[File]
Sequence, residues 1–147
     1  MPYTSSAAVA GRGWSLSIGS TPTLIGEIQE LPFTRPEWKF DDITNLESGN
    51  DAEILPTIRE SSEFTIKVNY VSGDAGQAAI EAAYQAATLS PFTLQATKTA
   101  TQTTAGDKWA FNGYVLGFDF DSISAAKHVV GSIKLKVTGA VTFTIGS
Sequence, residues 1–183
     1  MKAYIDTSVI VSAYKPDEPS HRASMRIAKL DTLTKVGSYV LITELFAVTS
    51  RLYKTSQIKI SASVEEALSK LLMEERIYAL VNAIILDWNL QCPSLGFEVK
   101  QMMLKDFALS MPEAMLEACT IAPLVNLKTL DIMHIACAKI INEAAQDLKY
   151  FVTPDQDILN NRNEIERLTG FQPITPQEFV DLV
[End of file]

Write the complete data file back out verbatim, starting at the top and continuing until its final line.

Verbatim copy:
Sequence, residues 1–147
     1  MPYTSSAAVA GRGWSLSIGS TPTLIGEIQE LPFTRPEWKF DDITNLESGN
    51  DAEILPTIRE SSEFTIKVNY VSGDAGQAAI EAAYQAATLS PFTLQATKTA
   101  TQTTAGDKWA FNGYVLGFDF DSISAAKHVV GSIKLKVTGA VTFTIGS
Sequence, residues 1–183
     1  MKAYIDTSVI VSAYKPDEPS HRASMRIAKL DTLTKVGSYV LITELFAVTS
    51  RLYKTSQIKI SASVEEALSK LLMEERIYAL VNAIILDWNL QCPSLGFEVK
   101  QMMLKDFALS MPEAMLEACT IAPLVNLKTL DIMHIACAKI INEAAQDLKY
   151  FVTPDQDILN NRNEIERLTG FQPITPQEFV DLV